All the plants described so far (seminiferous and cultivated) belong to the ‘Eumusa’ section. Ornamental types exist within the ‘Rhodochlamys’ section: Musa ornata, Musa velutina, Musa laterita for instance. Recently, it was suggested to gather these two sections in a single one called ‘Musa’ (notice the originality…) but it is still a matter of discussion between specialists.

In the Pacific area, cultivated bananas with a distinctive erect bunch are called Fehi (or Fe’i). They are sometimes referred to as Musa troglodytarum (to be discussed later...). These diploid plants belong to the ‘Australimusa’ section, which includes also Musa textilis and other less known species (Musa boman, Musa jackeyi...). Another section, ‘Callimusa’, regroups ornamental types such as Musa coccinea, Musa beccarii or Musa campestris for instance. And here again, a fusion between ‘Australimusa’ and ‘Callimusa’ has been proposed, within a single new ‘Callimusa’ section.

1-5 Genus Ensete

Within the Musaceae family, there is another important genus, Ensete. Plants in this genus are fertile, diploid, and don't produce naturally suckers. They only reproduce the sexual way. Several species have been described, but three of them are the most important. Ensete ventricosum is mainly found in Africa and in America. It is even a very important staple crop in Ethiopia, where it is intensively cultivated. Ensete glaucum grows essentially in South East Asia and may also be found in India. In this area, you may also find Ensete superbum. Other less important species are Ensete giletii, Ensete homblei or Ensete perrieri (native to Madagascar). And the differences between these last species is often tough to describe.

1-6 Genus Musella

One last species is a botanical matter of discussion among specialists: Musella lasiocarpa. A third genus, Musella has been created specially for it. This small plant, giving erected yellow buds, and known to endure cold weather and even snow, has also sometimes been classified as Ensete lasiocarpum. The discussion is still going on...

2- Systematic

2-1 Some naming examples and how to deal with the real botanical classification inside iNaturalist

The main goal of iNaturalist is to record and classify wild organisms, whether they are plants or animals. Classification then relies on Latin binomial specifications with concepts of genus, species, subspecies and other infraspecific groupings. Recorded plants should be wild ones, living in natural conditions. But when it comes to bananas, most of the observed types are cultivated ones. They are sterile and only reproduce through vegetative multiplying. In this case, the used scheme of classification should be a horticultural one, as developed by the International Code for the Nomenclature for Cultivated Plants (ICNCP -, but it is not implemented at iNaturalist. Trying to apply, for instance, the concept of species, to a sterile plant, is nonsense. This is why classification and naming of bananas at iNaturalist is generally non satisfactory, and represents a compromise between what should be done and what is effectively possible. According to the ICNCP, which itself derives from the ICN, here are some naming examples for banana, following iNaturalist taxonomy scheme.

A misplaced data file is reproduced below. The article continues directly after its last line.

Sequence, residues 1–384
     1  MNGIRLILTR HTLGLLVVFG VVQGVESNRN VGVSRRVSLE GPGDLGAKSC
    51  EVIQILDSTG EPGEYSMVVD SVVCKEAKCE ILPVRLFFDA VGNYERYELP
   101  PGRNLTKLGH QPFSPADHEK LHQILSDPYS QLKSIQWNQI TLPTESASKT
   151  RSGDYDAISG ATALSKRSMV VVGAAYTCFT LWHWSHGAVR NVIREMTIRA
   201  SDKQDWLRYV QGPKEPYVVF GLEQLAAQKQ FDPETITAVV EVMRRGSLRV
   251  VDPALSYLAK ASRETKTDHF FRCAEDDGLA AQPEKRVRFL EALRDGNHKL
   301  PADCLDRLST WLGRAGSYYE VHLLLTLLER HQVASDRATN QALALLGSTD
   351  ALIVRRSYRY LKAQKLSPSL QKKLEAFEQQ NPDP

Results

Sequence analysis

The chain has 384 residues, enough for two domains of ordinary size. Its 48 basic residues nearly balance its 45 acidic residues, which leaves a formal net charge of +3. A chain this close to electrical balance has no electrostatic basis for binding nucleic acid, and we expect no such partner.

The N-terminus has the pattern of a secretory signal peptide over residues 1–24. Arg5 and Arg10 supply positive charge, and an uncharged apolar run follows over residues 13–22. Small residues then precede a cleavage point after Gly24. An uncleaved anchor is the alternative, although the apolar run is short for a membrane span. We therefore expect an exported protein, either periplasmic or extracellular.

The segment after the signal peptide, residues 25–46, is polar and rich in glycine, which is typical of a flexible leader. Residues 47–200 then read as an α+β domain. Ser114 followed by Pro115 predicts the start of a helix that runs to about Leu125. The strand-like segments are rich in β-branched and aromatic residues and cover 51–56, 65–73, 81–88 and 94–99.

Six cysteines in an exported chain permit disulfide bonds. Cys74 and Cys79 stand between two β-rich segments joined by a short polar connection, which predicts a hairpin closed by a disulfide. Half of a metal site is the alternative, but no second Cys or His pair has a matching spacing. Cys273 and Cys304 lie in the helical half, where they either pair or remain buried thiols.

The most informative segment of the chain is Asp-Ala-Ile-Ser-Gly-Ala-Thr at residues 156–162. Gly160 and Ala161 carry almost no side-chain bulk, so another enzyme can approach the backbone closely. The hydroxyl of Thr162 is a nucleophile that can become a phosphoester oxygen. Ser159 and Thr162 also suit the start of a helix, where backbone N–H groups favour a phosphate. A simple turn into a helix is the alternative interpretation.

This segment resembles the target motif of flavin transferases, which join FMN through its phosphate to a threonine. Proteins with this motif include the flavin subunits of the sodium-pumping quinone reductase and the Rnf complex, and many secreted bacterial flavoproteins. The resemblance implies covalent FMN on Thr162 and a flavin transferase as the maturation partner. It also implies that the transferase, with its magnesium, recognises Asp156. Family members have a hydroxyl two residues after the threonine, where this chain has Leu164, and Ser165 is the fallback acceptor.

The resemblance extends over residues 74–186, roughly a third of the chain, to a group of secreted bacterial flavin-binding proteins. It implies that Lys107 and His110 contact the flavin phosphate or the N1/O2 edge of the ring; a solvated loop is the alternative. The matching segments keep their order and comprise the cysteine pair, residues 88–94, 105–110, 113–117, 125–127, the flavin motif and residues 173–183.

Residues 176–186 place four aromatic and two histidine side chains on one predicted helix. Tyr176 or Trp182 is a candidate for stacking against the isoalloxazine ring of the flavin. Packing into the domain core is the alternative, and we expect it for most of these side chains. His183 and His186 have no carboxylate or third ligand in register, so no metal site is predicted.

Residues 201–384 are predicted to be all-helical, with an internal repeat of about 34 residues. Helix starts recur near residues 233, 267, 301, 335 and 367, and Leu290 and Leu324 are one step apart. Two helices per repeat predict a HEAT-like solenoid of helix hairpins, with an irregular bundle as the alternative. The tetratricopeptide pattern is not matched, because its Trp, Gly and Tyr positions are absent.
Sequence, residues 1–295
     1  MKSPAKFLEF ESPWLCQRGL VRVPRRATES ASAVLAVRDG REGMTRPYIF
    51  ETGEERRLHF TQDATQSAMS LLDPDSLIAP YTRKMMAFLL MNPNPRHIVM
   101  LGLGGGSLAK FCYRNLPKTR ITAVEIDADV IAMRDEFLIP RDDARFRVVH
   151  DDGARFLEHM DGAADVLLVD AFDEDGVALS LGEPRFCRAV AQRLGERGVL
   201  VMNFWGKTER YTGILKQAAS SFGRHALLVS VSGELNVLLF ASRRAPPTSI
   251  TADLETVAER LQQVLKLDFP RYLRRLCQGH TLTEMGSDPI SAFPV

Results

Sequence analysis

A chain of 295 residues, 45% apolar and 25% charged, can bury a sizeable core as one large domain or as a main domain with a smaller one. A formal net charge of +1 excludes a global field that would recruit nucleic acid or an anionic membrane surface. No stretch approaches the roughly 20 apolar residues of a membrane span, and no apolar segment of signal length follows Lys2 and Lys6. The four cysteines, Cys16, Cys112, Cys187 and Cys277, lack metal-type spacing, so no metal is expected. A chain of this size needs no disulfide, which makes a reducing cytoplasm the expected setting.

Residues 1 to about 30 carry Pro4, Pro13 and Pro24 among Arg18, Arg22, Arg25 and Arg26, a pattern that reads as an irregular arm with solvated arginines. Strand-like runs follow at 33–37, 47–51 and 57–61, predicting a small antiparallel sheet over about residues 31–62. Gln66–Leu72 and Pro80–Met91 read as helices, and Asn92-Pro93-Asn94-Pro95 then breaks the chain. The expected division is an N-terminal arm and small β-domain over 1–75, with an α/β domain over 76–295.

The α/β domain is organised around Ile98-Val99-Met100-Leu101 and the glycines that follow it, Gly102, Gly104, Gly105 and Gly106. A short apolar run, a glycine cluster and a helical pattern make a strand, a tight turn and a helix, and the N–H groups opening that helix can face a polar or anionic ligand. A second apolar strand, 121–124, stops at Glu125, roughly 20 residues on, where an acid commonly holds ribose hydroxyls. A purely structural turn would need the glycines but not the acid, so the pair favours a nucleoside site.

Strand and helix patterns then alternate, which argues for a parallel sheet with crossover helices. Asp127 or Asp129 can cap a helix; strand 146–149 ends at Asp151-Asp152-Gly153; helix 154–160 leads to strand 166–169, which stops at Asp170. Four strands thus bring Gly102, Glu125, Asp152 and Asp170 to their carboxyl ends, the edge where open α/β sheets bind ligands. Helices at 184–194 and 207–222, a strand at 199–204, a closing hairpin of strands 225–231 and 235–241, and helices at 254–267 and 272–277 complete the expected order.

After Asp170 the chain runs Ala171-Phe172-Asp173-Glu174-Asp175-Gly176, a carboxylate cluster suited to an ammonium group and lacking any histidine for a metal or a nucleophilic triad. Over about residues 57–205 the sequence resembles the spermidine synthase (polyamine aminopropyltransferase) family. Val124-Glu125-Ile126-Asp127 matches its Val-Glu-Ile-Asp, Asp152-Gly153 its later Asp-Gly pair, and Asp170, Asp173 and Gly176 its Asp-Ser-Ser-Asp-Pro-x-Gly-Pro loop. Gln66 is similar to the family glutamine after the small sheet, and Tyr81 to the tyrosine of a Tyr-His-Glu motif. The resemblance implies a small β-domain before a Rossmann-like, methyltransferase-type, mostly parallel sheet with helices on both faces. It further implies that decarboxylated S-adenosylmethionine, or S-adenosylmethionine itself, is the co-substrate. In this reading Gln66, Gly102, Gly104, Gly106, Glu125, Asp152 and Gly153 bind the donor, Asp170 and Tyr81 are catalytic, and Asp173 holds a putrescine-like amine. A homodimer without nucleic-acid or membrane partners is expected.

• The Plantain cultivar ‘French Clair’: Musa × paradisiaca, Plantain Group, ‘French Clair’ (AAB)
  • The Cavendish cultivar ‘Grande Naine’: Musa acuminata, Cavendish Group ‘Grande Naine’ (AAA)
  • The ‘Mlali Angaia’ Mchare diploid clone: Musa acuminata (Gp. Mchare) ‘Mlali Angaia’ (AA)
  • The ‘Ney Poovan’ diploid hybrid clone: Musa × paradisiaca ‘Ney Poovan’ (AB)
  • The wild balbisiana variety ‘Klue Tani’: Musa balbisiana var. klue tani OR Musa balbisiana ‘Klue Tani’ (if cultivated)
  • The wild ‘Pahang’ acuminata variety: Musa acuminata subsp. malaccensis var. pahang (wild)

Please remind that this is a (non-satisfactory) compromise between what should be written and how iNaturalist deals with classification. Species names should not appear when speaking of cultivated forms. So here is the same list, strictly following ICNCP standards:

  • The Plantain cultivar ‘French Clair’: Musa, Plantain Group, ‘French Clair’ (AAB)
  • The Cavendish cultivar ‘Grande Naine’: Musa, Cavendish Group ‘Grande Naine’ (AAA)
  • The ‘Mlali Angaia’ Mchare diploid clone: Musa (Gp. Mchare) ‘Mlali Angaia’ (AA)
  • The ‘Ney Poovan’ diploid hybrid clone: Musa ‘Ney Poovan’ (AB)
  • The wild balbisiana variety ‘Klue Tani’: Musa balbisiana var. klue tani OR Musa ‘Klue Tani’ (BB) -if cultivated
  • The wild ‘Pahang’ acuminata variety: Musa acuminata subsp. malaccensis var. pahang (wild)

2-2 Some names, not to be used anymore… at all… (list in progress)

  • Musa paradisiaca
  • Musa × paradisiaca var anything: should only be used alone
  • Musa sapientum
  • Musa Cavendishii

Anotado en 05 de junio de 2018 a las 12:30 PM por chris971 chris971 | 11 comentarios | Deja un comentario